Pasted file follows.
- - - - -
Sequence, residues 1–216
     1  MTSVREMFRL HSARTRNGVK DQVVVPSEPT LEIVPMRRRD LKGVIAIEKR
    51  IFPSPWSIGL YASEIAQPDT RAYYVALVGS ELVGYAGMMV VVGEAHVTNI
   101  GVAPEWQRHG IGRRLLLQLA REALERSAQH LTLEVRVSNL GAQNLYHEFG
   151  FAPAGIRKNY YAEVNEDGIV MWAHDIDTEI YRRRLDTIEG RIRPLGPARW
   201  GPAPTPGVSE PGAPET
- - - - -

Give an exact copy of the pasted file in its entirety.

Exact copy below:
Sequence, residues 1–216
     1  MTSVREMFRL HSARTRNGVK DQVVVPSEPT LEIVPMRRRD LKGVIAIEKR
    51  IFPSPWSIGL YASEIAQPDT RAYYVALVGS ELVGYAGMMV VVGEAHVTNI
   101  GVAPEWQRHG IGRRLLLQLA REALERSAQH LTLEVRVSNL GAQNLYHEFG
   151  FAPAGIRKNY YAEVNEDGIV MWAHDIDTEI YRRRLDTIEG RIRPLGPARW
   201  GPAPTPGVSE PGAPET